Corbyn: An evasive response

November 24, 2016 23:31

On Wednesday, Jeremy Corbyn's campaign finally responded to the questions we posed to him on last week's front page. The issue of Mr Corbyn's association with a number of unsavoury characters had somehow previously escaped scrutiny. But it is clear from his evasive responses to us, and his tetchiness when dealing with subsequent questions posed by others, that the man who is likely to be the next leader of the Labour Party considers it almost impertinent that anyone should question his bona fides. And yet his answers are not remotely satisfactory. He says, for example, that his description of Hamas and Hizbollah as "friends" was "purely as diplomatic language in the context of dialogue". Which is all very well - but can anyone seriously imagine him as leader of the opposition even meeting Benjamin Netanyahu or Ayelet Shaked, let alone describing them as "friends"? His supposed diplomatic friendships have so far been entirely one way.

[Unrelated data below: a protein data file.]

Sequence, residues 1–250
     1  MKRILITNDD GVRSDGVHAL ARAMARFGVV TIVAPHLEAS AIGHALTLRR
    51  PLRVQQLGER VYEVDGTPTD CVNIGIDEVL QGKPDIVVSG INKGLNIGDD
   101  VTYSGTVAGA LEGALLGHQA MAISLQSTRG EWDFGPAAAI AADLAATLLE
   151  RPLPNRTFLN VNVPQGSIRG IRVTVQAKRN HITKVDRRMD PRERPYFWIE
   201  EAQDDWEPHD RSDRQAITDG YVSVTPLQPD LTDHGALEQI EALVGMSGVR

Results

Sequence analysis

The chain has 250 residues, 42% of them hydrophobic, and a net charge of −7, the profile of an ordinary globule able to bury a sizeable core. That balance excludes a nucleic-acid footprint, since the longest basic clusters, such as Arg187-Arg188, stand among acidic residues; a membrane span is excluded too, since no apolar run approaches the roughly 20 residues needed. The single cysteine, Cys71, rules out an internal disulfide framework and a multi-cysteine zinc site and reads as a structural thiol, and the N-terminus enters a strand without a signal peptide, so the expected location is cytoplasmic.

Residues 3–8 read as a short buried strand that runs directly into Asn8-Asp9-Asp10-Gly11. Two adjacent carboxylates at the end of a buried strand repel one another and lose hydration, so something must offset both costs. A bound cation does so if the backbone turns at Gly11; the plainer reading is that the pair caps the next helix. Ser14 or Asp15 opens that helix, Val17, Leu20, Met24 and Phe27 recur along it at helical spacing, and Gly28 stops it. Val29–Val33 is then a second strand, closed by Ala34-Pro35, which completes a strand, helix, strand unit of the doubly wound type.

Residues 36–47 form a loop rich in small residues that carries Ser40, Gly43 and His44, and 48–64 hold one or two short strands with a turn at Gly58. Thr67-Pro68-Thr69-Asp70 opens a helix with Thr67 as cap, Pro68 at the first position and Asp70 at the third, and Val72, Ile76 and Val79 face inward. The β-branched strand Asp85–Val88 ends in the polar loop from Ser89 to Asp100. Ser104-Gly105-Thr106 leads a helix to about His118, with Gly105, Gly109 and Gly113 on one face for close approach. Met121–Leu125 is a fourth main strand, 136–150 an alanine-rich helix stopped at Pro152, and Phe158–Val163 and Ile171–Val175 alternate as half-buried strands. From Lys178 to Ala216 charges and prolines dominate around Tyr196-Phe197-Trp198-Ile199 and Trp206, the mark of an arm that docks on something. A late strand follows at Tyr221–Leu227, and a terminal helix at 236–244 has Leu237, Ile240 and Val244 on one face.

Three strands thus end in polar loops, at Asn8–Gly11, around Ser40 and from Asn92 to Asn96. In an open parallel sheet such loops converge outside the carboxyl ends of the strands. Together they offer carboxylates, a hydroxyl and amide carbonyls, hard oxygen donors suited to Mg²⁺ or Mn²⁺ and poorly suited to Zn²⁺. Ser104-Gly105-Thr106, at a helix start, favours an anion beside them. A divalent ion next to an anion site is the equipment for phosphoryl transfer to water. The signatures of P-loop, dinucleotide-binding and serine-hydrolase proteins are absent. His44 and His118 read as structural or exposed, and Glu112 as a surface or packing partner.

No one suggests that Mr Corbyn is an antisemite. But, as we said last week, it is difficult not to see a pattern in his associations. And his refusal to concede that he might have made any misjudgments in making common cause with the likes of Raed Salah and Dyab Abou Jahjah is deeply concerning in a man who will probably soon be Leader of the Opposition. On Wednesday he first denied knowing Jahjah, even though in 2009 he said he would lead the appeal against the former Hezbollah fighter's banning order. Only after pictures of the two men together emerged did he later concede they had met. No wonder our poll shows that 7 in 10 of British Jews are concerned. The closer we get to September 12, the more likely he seems to be named as the next Labour leader. These are worrying times.

November 24, 2016 23:31

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